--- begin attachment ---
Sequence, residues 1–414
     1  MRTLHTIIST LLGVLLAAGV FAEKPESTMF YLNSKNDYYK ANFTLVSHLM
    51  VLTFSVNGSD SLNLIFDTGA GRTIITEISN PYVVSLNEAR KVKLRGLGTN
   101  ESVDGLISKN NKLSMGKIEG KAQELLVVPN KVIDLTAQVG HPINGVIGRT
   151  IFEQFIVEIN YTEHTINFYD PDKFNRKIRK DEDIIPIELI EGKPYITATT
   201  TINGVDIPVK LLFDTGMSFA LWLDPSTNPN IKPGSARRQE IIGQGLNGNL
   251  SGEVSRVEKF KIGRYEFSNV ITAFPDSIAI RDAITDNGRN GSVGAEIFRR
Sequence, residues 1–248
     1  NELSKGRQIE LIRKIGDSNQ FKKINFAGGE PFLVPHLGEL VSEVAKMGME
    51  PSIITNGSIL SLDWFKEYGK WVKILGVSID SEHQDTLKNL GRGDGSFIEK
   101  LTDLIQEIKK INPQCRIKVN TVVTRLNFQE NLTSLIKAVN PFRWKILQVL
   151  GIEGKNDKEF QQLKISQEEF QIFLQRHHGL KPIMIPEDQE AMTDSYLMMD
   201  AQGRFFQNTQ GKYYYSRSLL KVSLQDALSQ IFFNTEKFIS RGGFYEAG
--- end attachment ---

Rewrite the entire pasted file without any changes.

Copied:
Sequence, residues 1–414
     1  MRTLHTIIST LLGVLLAAGV FAEKPESTMF YLNSKNDYYK ANFTLVSHLM
    51  VLTFSVNGSD SLNLIFDTGA GRTIITEISN PYVVSLNEAR KVKLRGLGTN
   101  ESVDGLISKN NKLSMGKIEG KAQELLVVPN KVIDLTAQVG HPINGVIGRT
   151  IFEQFIVEIN YTEHTINFYD PDKFNRKIRK DEDIIPIELI EGKPYITATT
   201  TINGVDIPVK LLFDTGMSFA LWLDPSTNPN IKPGSARRQE IIGQGLNGNL
   251  SGEVSRVEKF KIGRYEFSNV ITAFPDSIAI RDAITDNGRN GSVGAEIFRR
Sequence, residues 1–248
     1  NELSKGRQIE LIRKIGDSNQ FKKINFAGGE PFLVPHLGEL VSEVAKMGME
    51  PSIITNGSIL SLDWFKEYGK WVKILGVSID SEHQDTLKNL GRGDGSFIEK
   101  LTDLIQEIKK INPQCRIKVN TVVTRLNFQE NLTSLIKAVN PFRWKILQVL
   151  GIEGKNDKEF QQLKISQEEF QIFLQRHHGL KPIMIPEDQE AMTDSYLMMD
   201  AQGRFFQNTQ GKYYYSRSLL KVSLQDALSQ IFFNTEKFIS RGGFYEAG